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jaresing

Peak Area in 2022

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Every now and then I return to this question. Is there a way to calculate the height and area of peaks once you have acquired sensor data. For a long time I have shared DAQ factory, and have gotten people to buy it, but the issue has always been, how do I post process the data that I have collected. My data is sensor versus time. I have peaks generated by chromatography or flow analysis. I love being able to control every instrument that comes along, but I hate having to purchase another solution to process my data. It also makes it tough to generate a universal solution that would enable me to share with my friends. It is tough to believe that we are this far  along without this capacity being available. (please correct me if my information is dates!)

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It is a little of a "do you want one tool that does everything not very well, or several tools that do their particular thing quite well?"  DAQFactory can actually do a fair bit of post processing, especially if you don't mind using script.  In fact, in script you can do just about anything, including things that simple data analysis tools might not be able to do (Excel especially, if you want to call it a data analysis tool).  But, we chose awhile ago not to try and recreate the wheel on the analysis side and make DAQFactory both a data acquisition tool AND a data analysis tool.  MatLab and Igor I know tried to do this, adding data acquisition features to their rather powerful data analysis tools and in my opinion it works marginally, mostly because they are experts in analyzing data, not hardware and acquiring it.

OK, now to the question at hand.  First, you can use the peak markers of a graph and it will give you a center of mass peak find along with an area between the markers with a linear baseline stretching between them.  This is pretty basic but quick.  

Getting more advanced, the trick really is figuring out where the peaks are, and where the bases of said peaks are. DAQFactory doesn't have a built in peak finding algorithm so you'd have to script your own.  How hard this is really depends on how noisy your signal is.  Most true analysis tools will do a curve fit, then find the peak of the curve.  DAQFactory doesn't have a built in curve fit, so you'd either need to roll your own in script, or use smooth() to iron out the noise.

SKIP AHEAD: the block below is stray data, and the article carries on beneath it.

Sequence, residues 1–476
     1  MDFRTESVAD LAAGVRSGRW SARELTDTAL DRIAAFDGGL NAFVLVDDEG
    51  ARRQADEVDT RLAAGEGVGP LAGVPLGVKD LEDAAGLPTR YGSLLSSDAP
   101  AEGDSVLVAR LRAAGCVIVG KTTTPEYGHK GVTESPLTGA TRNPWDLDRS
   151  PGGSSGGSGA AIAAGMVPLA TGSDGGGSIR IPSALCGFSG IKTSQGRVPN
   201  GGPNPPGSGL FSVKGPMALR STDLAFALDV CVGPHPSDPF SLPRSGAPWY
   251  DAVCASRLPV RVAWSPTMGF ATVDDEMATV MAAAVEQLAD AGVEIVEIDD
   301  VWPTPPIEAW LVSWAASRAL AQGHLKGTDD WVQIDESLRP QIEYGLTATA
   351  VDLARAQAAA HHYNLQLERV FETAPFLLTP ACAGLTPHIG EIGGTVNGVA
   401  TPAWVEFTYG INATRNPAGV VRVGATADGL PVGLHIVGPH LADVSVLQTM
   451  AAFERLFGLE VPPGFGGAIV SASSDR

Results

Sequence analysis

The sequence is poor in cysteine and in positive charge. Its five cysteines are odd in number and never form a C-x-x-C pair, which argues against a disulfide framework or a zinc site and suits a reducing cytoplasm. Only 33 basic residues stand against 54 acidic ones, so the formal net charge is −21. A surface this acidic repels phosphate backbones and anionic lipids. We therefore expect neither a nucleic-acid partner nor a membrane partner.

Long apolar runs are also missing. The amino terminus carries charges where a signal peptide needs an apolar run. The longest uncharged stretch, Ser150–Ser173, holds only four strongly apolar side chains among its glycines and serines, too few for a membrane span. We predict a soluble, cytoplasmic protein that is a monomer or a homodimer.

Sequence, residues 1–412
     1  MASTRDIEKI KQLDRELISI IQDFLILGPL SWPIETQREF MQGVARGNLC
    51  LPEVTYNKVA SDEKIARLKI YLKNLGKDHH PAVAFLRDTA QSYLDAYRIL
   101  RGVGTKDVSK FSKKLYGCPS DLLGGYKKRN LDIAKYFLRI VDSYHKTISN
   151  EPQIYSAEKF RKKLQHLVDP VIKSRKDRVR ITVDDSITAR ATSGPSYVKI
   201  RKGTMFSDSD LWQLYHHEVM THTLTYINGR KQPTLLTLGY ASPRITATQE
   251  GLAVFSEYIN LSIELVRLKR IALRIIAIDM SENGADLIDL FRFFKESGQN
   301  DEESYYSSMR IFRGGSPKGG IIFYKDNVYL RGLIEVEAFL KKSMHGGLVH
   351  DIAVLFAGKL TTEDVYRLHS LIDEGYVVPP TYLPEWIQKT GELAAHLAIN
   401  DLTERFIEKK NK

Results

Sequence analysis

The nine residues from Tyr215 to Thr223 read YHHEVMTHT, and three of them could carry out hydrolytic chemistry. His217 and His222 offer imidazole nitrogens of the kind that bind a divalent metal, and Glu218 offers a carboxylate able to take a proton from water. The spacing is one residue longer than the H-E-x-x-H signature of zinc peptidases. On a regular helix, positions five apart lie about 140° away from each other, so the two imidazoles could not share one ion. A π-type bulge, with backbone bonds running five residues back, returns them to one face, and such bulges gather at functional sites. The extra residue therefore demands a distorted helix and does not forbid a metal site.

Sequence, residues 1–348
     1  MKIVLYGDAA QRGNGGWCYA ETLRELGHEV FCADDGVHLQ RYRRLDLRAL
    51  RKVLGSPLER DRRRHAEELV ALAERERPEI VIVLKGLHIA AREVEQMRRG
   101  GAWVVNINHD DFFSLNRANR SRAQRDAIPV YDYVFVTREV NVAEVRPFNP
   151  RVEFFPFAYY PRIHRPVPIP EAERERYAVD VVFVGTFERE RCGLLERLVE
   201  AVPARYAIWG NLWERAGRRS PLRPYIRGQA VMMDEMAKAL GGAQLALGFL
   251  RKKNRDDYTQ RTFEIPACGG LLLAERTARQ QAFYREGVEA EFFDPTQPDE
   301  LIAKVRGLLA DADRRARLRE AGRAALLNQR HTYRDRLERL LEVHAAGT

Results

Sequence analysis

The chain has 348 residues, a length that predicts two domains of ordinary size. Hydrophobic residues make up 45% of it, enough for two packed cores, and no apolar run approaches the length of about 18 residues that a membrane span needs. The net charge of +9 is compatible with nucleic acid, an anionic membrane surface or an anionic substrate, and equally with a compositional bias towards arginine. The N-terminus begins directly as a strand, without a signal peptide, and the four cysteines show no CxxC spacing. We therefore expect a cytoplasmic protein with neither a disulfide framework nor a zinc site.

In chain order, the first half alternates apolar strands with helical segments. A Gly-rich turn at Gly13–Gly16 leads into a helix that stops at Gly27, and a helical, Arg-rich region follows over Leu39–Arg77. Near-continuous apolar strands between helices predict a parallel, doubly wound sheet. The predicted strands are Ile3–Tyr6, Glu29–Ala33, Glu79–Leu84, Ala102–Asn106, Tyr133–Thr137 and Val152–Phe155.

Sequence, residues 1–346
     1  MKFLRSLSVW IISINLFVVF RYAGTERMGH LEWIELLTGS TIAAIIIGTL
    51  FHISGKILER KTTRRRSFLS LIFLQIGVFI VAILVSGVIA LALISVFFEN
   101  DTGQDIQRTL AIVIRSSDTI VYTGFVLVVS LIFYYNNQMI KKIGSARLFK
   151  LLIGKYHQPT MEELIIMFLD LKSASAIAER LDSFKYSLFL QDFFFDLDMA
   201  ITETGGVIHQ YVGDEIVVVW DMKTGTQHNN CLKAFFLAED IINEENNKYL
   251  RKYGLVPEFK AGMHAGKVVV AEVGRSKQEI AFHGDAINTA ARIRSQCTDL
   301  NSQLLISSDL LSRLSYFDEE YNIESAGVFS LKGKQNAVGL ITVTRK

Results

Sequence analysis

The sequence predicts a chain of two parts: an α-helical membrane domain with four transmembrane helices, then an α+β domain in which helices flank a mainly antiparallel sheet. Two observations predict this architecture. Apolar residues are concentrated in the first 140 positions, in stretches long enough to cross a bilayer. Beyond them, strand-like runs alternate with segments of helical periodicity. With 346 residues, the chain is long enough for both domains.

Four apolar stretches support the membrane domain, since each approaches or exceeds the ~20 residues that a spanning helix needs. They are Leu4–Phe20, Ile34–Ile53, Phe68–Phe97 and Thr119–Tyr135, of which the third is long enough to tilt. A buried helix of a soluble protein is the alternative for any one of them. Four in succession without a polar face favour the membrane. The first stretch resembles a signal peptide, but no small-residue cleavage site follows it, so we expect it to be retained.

Once you have the peak location and base points, it is really easy to calculate height and area.  Area is just sum(), while peak height is just the Y value for the peak.  I'm assuming no baseline, but if you can do a baseline as well, either by simply subtracting out a baseline measurement, or calculating one based on the peak base points (which is what the peak markers do).  

Now with area, the trick is to incorporate X into it.  If your measurements are spaced evenly in X, then the expression is simply sum(y) * dx where dx is the total difference in x between start and stop of the peak.  If not, then it becomes more like: sum(y*dx) where dx is the difference between consecutive Y points.  If X is time, you can calculate dx from the time part of the channel.

So, let's say you have a channel called "Chromo" and you figure out that the start time of the peak is at a variable you called "st", while the end time is at "et".  You can subset "Chromo" to just get the data from the peak by doing:

private peakData = Chromo[st,et]

Here we are subsetting by time, meaning DAQFactory is getting all the data in Chromo with a timestamp between st and et.  You can also, of course, subset by data point number, which is what we do when we do [0].

Now that we have the peakData, the area assuming the measurements are NOT equally spaced in time is:

sum(peakData * (peakData.time[1,100000] - peakData.time[0,100000]))

Note that 100000 is just some arbitrarily big number so that I get all the time data.  Note how the first one is [1, ...], while the second is [0,....].  That whole part in parenthesis is basically creating an array of deltaT's which we then multiply by each data point in peakData, then finally sum it.

I can go on and on.  As I said, you can do A LOT of data analysis in DAQFactory using scripting, it just requires some knowhow on data analysis and some scripting.

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